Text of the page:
Danish Eyes Behold American Politics

In my troll through the European-press Net today for something interesting in reaction to Hillary Clintons’ speech to the Democratic National Convention of early this morning (CET), I made it through quite a bit of the French and the Danish but didn’t really find any sort of contrary view or interesting perspective to pass on. I guess the key to judging the New York senator’s performance was listening and watching very closely to spot any signs of left-over rancor or half-heartedness in the support for Barack Obama that she was professing for herself and urging all Democrats to share, and no doubt that sort of analysis is always best left to those closely sharing both her American English idiom and cultural background. The coverage I looked at basically swallowed her professions of loyalty hook, line, and sinker – and who knows, maybe she did really mean it – although I did discover the French equivalent of her new tag line “No way, no how, no McCain.” It’s D’aucune façon il ne faut McCain – and for once, my friends (as the presumptive Republican candidate himself would put it), I have to admit that the French language comes up second-best in the hard-hitting slogan department.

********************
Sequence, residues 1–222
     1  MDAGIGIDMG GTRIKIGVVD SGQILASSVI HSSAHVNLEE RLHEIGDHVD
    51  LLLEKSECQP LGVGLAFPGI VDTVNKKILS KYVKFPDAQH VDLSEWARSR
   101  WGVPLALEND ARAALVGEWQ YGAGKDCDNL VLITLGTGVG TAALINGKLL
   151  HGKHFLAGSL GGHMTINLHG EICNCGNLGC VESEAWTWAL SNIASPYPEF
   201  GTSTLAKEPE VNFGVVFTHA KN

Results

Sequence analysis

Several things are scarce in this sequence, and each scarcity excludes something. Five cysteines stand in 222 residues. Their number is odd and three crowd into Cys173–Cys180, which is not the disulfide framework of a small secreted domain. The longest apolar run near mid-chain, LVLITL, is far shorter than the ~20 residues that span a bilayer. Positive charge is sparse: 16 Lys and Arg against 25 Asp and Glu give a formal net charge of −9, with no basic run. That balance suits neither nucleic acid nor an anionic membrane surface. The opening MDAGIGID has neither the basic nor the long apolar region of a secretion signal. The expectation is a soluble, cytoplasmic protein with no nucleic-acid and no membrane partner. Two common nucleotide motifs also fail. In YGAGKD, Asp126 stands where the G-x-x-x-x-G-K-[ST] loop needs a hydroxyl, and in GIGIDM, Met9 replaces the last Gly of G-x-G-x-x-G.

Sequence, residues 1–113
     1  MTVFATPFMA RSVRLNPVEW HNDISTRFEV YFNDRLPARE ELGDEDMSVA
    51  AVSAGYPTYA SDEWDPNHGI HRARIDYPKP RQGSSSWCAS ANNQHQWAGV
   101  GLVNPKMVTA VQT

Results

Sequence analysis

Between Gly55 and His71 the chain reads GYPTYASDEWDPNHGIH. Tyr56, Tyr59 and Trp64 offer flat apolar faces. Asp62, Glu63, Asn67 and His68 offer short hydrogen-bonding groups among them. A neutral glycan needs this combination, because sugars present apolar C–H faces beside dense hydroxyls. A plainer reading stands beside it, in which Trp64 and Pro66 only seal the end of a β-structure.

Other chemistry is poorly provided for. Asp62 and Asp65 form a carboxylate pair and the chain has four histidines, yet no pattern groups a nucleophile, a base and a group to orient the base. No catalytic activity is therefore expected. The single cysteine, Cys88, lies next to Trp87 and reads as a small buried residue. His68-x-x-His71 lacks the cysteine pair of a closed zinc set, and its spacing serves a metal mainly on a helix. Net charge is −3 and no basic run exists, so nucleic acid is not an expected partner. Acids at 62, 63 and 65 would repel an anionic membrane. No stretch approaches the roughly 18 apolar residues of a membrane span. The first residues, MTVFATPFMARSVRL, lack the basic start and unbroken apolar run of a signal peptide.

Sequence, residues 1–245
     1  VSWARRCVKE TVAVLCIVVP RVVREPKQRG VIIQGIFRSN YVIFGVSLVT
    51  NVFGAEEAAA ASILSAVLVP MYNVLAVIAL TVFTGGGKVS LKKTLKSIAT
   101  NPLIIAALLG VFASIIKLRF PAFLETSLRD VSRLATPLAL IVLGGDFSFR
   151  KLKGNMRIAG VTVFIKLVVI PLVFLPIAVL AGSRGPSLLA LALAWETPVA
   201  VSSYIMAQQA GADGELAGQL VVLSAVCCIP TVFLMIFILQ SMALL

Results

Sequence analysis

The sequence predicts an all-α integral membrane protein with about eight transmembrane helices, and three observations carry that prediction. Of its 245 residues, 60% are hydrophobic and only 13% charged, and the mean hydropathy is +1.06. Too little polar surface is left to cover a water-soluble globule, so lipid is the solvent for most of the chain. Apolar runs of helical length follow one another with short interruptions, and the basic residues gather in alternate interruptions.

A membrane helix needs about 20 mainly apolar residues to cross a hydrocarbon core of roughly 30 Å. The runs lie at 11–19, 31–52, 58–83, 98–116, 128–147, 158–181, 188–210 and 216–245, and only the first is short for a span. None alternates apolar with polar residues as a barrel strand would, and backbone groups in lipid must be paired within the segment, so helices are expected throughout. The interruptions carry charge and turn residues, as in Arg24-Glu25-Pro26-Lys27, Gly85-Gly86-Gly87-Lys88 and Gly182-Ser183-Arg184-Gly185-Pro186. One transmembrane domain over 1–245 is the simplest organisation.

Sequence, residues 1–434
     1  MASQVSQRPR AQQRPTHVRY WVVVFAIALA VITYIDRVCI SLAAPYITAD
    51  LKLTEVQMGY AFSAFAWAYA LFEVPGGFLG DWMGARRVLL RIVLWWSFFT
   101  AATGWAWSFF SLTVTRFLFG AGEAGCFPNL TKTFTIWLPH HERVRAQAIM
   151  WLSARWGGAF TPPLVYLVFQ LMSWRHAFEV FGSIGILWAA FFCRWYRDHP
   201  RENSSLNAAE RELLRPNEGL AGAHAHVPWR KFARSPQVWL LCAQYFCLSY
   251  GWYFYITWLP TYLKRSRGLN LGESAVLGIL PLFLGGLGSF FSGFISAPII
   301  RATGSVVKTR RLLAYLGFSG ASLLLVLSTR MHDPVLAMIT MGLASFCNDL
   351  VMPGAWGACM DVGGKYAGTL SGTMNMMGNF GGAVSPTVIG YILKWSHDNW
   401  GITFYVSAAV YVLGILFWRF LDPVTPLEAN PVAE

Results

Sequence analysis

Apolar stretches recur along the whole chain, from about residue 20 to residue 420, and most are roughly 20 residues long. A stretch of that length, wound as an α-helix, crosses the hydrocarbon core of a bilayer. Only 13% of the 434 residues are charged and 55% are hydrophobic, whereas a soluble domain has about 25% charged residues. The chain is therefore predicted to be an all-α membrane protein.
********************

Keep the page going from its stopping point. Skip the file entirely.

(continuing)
(Oh, and why French and Danish today? Just following this weblog’s general modus operandi, i.e. because I felt like it, although I also had a sense of not having discussed anything French or Danish lately and wanted to re-balance things a bit.)

However, I did run across an interesting piece by Johan Vardrup, the reporter sent to Denver by the well-respected Danish daily Berlingske Tidende, entitled Republicans hold happy hour for Hillary. From its very first line in the lede (“What won’t one do to fish for votes?”) you get a clear-cut sense of Vardrup’s attitude here: Damn, these Americans truly play some electoral hardball!